Jacinda Ardern Will Be Gone Soon but New Zealand’s Economic Troubles Are Here to Stay


A racist attack on two mosques that left 51 people dead. A deadly volcanic eruption. The coronavirus pandemic.

Over nearly six years in office, Prime Minister Jacinda Ardern of New Zealand skillfully weathered one sudden catastrophe after another and cruised to re-election in 2020. But in the background, New Zealand’s longstanding economic issues — like expensive housing and a high cost of living — continued to simmer.

Now, with national elections less than nine months away and days after her shock resignation, the future of Ms. Ardern’s liberal Labour Party will hinge on how voters perceive she and her government tackled those problems. And with economic momentum falling, interest rates rising and inflation cutting into household budgets, critics, including those in the opposing center-right National Party, will seek to place the blame at her door.

“The government’s legacy seems, depending on who you talk to, to either be completely abysmal or the most golden amazing thing ever,” said Brad Olsen, the principal economist at Infometrics, a consulting firm. “The truth is a bit more between those two marks.”

On Thursday, when Ms. Ardern announced her plan to step down, among her detractors was Ben Buist, 49. Speaking in downtown Christchurch, he told of struggling with the country’s cost of living crisis and trying to get affordable housing.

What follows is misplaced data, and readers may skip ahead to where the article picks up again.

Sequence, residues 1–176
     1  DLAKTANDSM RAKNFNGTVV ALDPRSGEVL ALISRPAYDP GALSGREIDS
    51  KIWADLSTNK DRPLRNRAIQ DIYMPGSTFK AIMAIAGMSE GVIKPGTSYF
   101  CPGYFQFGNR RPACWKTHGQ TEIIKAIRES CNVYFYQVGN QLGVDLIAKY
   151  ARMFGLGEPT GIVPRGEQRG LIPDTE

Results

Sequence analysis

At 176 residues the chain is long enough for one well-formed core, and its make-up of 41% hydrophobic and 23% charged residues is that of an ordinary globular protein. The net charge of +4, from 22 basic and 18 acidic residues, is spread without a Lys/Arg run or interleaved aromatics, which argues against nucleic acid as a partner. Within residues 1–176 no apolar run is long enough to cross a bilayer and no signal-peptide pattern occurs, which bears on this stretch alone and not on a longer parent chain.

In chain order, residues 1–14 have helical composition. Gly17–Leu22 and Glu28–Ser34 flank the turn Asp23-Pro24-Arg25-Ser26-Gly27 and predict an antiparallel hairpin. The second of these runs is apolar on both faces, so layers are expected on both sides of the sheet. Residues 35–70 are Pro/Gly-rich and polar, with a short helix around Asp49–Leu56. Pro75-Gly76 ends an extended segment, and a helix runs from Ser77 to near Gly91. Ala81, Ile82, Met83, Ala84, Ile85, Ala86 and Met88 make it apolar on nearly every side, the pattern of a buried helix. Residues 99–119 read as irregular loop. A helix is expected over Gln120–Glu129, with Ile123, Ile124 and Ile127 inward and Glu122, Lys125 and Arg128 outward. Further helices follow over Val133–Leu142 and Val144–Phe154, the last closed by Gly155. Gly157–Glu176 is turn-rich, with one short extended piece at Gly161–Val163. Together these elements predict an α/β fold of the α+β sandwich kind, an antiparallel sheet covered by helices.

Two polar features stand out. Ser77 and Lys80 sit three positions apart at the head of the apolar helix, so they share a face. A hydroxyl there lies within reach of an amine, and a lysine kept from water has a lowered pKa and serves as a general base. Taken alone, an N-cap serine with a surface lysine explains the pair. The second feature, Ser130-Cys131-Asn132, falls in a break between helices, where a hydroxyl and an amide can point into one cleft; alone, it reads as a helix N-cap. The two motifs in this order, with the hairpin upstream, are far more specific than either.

“Where’s all the houses she said she’d build?” he said, referring to a flagship campaign promise to construct 100,000 new homes, a pledge that helped bring Ms. Ardern to power. Only a fraction of those houses were built during her tenure.

When Ms. Ardern notched her surprise upset victory in 2017, New Zealand’s economy was much in the middle, globally speaking, said Brian Easton, an independent economist in the country. “And it is still, today — except the world economy is functioning less well, and so is New Zealand’s,” he said.

The country has a small, open and not especially competitive economy. Its moniker — the “shaky isles” — is an accurate one: at the mercy of global events, highly susceptible to changes in the Chinese economy and at constant risk of natural disaster, because it is situated on multiple earthquake fault lines.

As Ms. Ardern prepares to step down next month with no clear successor in place, critics say little has changed economically. Relative to income, New Zealand is the 12th most expensive country in the world to live in, with expensive housing a major concern. Private debt — which includes household debt and student loans — sits at about 147 percent of gross domestic product, compared with 154 percent in the United States and 133 percent in Australia.

Addressing child poverty, which Ms. Ardern promised to make a personal priority, is trending downward but remains higher than in comparable economies, especially for single-parent households. Inequality remains stubbornly unchanged, with the top 10 percent of New Zealanders still holding approximately half of the country’s household net worth.

Ms. Ardern’s opponents point to an abundance of new problems and what they see as inadequate solutions for the old ones. But economists say that, especially on questions of inflation and the threat of a downturn, governments do not always hold the answer.

“There’s always that kind of tracking temptation to draw politics into the economy, but the economy doesn’t really care who’s in power,” said Shamubeel Eaqub, an economist based in Auckland, New Zealand’s largest city. “The cycle of the economy is not the job of the government. That is just plain silly.”